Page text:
Thanks so much to the indiebrides and craftistas who shared their favorites!!

Susan Beal is a crafty writer and jewelry designer who absolutely loves thrift store shopping.

September 2005: Getting Crafty in Northern California! September 1, 2005

From Arcata and Eureka to the Bay Area and Sacramento, it’s easy to find great craft supplies, fabric, beads and recycled supplies, as well as cool places to buy and sell your handmade stuff. Here are some stores, museums, collectives, and classes I especially like.

Crafty Community

There are Stitch n Bitch chapters all over Northern California—from Humboldt County to Sacramento. The Bay Area alone has seven: Chicks With Sticks, Fingers of Fury (East Bay), SnB Berkeley, North Bay SnB, Peninsula Knitters, SnB Redwood City, and SnB Walnut Creek.

Though San Francisco Church of Craft is not meeting regularly these days, you can sign up for the monthly e-mail list to hear about other cool crafty events.

Knitting and Crocheting Supplies

In Eureka, check out Boll Weaver (2748 E Street, 707-443-8145) for a gorgeous selection of yarns as well as classes. Handmade Memories (1969 Central Ave, McKinleyville) offers yarn as well as paper arts and scrapbooking supplies.

Further south, the Bay Area is overrun with yarn shops! Check out
ImaginKnit (3897 18th St., 415-621-6642) for a huge range of yarns and classes, plus a listing of charities to knit for. Artfibers (124 Sutter St., 2nd floor, 415-956-6319) sells only its own brand of fibers and yarns, and offers free custom patterns when you purchase the yarn for a project. Knit away in their lounge, or just peruse samples of everything they carry in the shop.

Urban Knitting Studio (320 Fell St., 415-552-5333) in Hayes Valley hosts Knit and Wine evenings on the last Thursday of each month. In the East Bay, Article Pract (5010 Telegraph Ave, Oakland, 510-595-PURL) carries local handmade goods as well as yarns, and has fun knitting meet-ups on the back patio. The owners’ new book, Viva Poncho, includes 20 modern patterns.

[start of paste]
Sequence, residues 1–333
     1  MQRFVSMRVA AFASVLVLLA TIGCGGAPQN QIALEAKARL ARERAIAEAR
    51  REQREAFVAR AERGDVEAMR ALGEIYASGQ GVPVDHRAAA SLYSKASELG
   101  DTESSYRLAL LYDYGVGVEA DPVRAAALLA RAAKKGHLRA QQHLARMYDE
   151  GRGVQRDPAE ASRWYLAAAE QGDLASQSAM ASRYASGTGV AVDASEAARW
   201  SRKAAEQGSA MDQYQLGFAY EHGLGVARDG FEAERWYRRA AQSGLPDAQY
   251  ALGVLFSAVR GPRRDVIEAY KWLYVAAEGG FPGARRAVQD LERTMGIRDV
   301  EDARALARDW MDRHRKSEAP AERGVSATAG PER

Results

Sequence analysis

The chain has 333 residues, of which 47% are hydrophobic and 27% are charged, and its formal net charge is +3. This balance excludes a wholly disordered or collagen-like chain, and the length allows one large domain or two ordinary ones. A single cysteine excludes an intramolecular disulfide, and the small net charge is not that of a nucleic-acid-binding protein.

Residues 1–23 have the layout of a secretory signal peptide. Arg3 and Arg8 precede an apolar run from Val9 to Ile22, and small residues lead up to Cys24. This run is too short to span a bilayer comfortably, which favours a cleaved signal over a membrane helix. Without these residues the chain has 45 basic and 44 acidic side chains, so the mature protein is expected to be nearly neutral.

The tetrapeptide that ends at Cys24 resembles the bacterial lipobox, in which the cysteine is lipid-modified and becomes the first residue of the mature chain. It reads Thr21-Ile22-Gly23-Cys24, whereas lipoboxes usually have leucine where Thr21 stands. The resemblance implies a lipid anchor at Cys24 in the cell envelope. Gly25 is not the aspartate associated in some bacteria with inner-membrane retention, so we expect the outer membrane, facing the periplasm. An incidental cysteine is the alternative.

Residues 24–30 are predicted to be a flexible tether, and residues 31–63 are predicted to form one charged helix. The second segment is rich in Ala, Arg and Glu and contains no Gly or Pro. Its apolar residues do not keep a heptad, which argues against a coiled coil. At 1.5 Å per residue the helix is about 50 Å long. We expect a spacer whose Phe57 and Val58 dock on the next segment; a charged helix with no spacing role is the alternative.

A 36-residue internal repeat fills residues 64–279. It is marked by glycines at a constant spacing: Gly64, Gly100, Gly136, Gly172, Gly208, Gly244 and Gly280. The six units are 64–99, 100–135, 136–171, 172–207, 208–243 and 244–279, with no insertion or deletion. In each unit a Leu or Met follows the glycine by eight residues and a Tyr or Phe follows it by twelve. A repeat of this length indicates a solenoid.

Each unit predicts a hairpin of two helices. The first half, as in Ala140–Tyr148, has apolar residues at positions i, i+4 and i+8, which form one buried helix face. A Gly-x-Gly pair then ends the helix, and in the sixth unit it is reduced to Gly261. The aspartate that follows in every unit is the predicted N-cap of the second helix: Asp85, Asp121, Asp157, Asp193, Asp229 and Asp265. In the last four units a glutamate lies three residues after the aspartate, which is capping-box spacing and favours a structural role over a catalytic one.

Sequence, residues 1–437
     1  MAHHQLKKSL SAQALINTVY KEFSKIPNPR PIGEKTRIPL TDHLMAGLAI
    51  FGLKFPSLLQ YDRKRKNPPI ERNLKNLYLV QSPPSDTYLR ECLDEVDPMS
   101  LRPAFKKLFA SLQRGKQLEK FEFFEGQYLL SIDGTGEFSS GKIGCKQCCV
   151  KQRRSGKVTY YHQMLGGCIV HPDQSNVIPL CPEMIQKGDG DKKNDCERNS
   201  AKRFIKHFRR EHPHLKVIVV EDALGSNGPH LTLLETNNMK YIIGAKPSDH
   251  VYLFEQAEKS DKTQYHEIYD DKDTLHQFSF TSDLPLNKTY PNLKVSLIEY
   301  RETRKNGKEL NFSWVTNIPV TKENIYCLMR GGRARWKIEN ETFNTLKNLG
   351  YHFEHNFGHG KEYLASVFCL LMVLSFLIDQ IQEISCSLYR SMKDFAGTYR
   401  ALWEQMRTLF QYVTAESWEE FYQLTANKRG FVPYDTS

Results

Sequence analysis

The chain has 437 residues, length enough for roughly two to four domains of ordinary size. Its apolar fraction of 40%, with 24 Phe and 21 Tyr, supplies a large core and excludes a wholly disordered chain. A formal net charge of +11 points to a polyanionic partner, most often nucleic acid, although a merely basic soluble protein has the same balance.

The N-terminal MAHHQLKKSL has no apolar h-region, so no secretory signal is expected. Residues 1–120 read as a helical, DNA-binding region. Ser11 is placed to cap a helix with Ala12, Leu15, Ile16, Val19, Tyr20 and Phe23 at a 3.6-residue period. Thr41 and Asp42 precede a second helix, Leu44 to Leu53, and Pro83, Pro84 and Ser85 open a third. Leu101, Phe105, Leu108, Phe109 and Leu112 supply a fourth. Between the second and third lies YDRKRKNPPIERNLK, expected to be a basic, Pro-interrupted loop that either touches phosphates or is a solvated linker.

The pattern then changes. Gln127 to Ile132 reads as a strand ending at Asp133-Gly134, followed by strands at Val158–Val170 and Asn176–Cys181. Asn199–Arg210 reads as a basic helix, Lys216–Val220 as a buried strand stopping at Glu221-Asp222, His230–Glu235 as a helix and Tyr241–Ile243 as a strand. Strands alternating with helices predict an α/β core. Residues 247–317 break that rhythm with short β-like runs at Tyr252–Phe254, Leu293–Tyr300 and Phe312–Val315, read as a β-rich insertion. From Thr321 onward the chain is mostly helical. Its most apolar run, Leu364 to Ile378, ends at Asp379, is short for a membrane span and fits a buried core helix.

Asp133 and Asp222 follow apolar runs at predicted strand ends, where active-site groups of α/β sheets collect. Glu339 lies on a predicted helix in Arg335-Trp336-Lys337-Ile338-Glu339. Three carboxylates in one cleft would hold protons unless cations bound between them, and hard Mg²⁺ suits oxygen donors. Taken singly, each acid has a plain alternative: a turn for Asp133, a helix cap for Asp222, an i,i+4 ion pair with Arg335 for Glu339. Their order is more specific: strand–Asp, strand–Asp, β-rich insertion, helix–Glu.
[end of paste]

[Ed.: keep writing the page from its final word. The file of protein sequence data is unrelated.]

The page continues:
On the Peninsula, Uncommon Threads (293 State St., Los Altos, 650-941-1815) is one of the friendliest yarn stores around, with selections in every price range. They even offer a punch-card program, giving you $10 off every $100 spent in the shop. Also check out Creative Hands (1670 El Camino Real, San Carlos, 650-591-0588).

In Sacramento, Rumplestiltskin (1021 R St., 916-442-9225) is a favorite, and Frog Pond Knits (8215 Auburn Blvd, suite C, 916-728-5648) just opened. And at Urban Knits community center (2648 33rd St., 916-308-8426), Veronica Perez teaches neighborhood children to knit for free! Adults are welcome too—come by for coffee and a lesson in macramé, knitting or crochet.

Beads, Fabric and Craft Supplies

In Arcata, Fabric Temptation (942 G St.) has gorgeous, but expensive, fabrics. Try Heart Bead (830 G St., Arcata), the Bead Shoppe (418 3rd St, Eureka) and Talisman (214 F St., Eureka) for unique and interesting beads and jewelry supplies—each store carries a different mix of products, and they all refer customers back and forth!

For paper arts supplies like stamps, stickers, and inks, stop by Scrappers Edge (509 H St., Eureka, 707-445-9686). All Under Heaven (753 Eighth St., Arcata) carries Asian art pieces and supplies as well as Goccos and printmaking gear. The Ink People (411 12th St., Eureka) is a community-based arts and cultural center offering great classes. Fire Arts Center (520 S. G St., Arcata) has gallery shows and classes, too.